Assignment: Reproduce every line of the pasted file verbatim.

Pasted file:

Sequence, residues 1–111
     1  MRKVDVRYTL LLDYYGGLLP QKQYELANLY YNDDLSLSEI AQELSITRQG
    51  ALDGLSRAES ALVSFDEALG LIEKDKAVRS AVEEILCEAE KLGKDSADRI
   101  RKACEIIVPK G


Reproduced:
Sequence, residues 1–111
     1  MRKVDVRYTL LLDYYGGLLP QKQYELANLY YNDDLSLSEI AQELSITRQG
    51  ALDGLSRAES ALVSFDEALG LIEKDKAVRS AVEEILCEAE KLGKDSADRI
   101  RKACEIIVPK G